My Henna Story: Part 2 – My Full Henna Treatment

 My full strength henna treatment

I just want to emphasise that before putting henna on the whole head of hair, TEST THE HAIR FIRST! Take shed hair strands from a hair comb, and place the hair in some henna. Check after a few hours, then after a day on the condition of the hair. If it is favourable, go ahead…

This might seem like a really long and complicated process at first, but after the first few times, it becomes easier and simpler. Basically I prepare my mixture and detangle and moisturise my hair a day before. Then the next day at night, I apply the henna on to my hair, go to sleep then wake up in the morning and wash it out.

 Ingredients for my henna mix for my medium density neck length hair

Ingredients

Ingredients

100g of pure good quality henna ( for thicker and longer hair, more should be used) – Body Art Quality (BAQ) is recommended

3 teabags of green tea (any other acidic liquid can be used, such as lemon juice, apple cider vinegar, orange juice, black tea, etc I use green tea because it is the least harsh)

2 tablespoons of pure honey

2 cups of water

Products used after henna application

Organic Root Stimulator replenishing conditioner (or deep moisturising conditioner of your choice)

Leave – in conditioner

Olive/Castor oil (or any other oil or cream of your choice)

Recommended materials

All these materials will most likely get stained, so it’s best to use things you don’t really need for anything else.

Materials and after henna products

Materials and after henna products

Gloves

Old newspapers or towels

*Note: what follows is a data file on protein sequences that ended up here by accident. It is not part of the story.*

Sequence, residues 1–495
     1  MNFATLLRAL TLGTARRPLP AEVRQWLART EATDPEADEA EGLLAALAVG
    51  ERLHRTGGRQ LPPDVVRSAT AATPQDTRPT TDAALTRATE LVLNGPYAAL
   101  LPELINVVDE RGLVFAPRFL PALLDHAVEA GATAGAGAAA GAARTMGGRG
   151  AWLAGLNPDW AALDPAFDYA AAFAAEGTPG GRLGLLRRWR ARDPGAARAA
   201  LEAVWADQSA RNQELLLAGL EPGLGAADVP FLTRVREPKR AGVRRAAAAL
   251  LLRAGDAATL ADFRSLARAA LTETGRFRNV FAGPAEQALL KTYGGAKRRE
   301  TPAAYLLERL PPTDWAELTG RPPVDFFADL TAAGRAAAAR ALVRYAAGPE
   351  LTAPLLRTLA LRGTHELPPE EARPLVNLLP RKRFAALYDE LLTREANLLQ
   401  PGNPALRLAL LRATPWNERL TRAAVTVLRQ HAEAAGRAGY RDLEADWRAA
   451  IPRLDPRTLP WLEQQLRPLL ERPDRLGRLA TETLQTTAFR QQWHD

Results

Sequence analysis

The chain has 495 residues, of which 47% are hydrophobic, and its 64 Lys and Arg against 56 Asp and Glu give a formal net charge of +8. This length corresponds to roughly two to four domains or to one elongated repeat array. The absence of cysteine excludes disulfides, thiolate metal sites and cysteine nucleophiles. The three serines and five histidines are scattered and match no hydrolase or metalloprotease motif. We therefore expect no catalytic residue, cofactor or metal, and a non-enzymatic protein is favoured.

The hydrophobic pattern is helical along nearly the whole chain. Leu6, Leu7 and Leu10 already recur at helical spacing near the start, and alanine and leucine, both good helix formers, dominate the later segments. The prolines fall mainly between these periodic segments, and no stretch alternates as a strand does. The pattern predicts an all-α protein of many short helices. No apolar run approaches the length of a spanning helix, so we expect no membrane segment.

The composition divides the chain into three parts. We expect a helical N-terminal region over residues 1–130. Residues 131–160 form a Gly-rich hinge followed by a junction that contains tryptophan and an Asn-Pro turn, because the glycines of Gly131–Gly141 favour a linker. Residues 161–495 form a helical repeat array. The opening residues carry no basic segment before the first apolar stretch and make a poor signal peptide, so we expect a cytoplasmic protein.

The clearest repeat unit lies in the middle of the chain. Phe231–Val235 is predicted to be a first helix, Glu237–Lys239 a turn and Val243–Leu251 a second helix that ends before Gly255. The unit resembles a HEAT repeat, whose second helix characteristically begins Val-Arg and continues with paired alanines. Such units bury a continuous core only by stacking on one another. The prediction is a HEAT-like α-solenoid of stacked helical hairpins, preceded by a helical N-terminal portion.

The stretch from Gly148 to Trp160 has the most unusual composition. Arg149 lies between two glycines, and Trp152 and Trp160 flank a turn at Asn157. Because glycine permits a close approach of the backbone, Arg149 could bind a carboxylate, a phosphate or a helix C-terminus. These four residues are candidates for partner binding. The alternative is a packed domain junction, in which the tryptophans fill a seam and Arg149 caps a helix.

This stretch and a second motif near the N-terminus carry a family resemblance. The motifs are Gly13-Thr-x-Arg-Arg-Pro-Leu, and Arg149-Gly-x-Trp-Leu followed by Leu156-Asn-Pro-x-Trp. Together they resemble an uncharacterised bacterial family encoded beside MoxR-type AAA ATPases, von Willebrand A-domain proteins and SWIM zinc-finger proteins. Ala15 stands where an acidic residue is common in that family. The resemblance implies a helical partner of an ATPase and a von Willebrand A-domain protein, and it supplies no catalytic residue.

Glass bowl or tupperware container (I use a lunchbox container)

Spoon to mix

 Shower cap and/or plastic bag 

Head scarf

Optional: micro heat cap or hooded dryer Mixing it up ( about 1 hour to prepare)

Preparation (about 1 hour to prepare and 12 hours to allow for dye release)

Henna mix

Henna mix

1. Bring the two cups of water to the boil

2. Add the green tea to the water and let it cool

3. Put the henna powder in the bowl/container and slowly add the tea mixture to the powder until it is the consistency of mashed potatoes

4. Cover it with a lid or foil paper, and let it sit for about 12 hours, so the dye releases

5. About 30mins before putting it on the hair, add the honey and mix it. The mixture should have smooth consistency but not runny

Applying it to the hair (30 minutes)

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1. Make sure hair is detangled, hair can be damp or dry (I do it on dry hair)

2. Part workable hair sections with clips or by sectioning then making twists

3. With the bathroom floor covered in newspapers or used towels, and gloves on, choose a section to work with ( I start from the back)

4. Using the gloves, plaster the henna mixture on the section in a plopping motion, not rubbing it in. Be generous, and try to make sure all the hair has henna on it

5. Repeat with all the sections

6. When the whole head of hair is covered in henna, put on the plastic bag or shower cap (I use two), then put on a scarf over it.

After henna application (4- 8 hours to allow henna to marinate, then about an hour to wash out)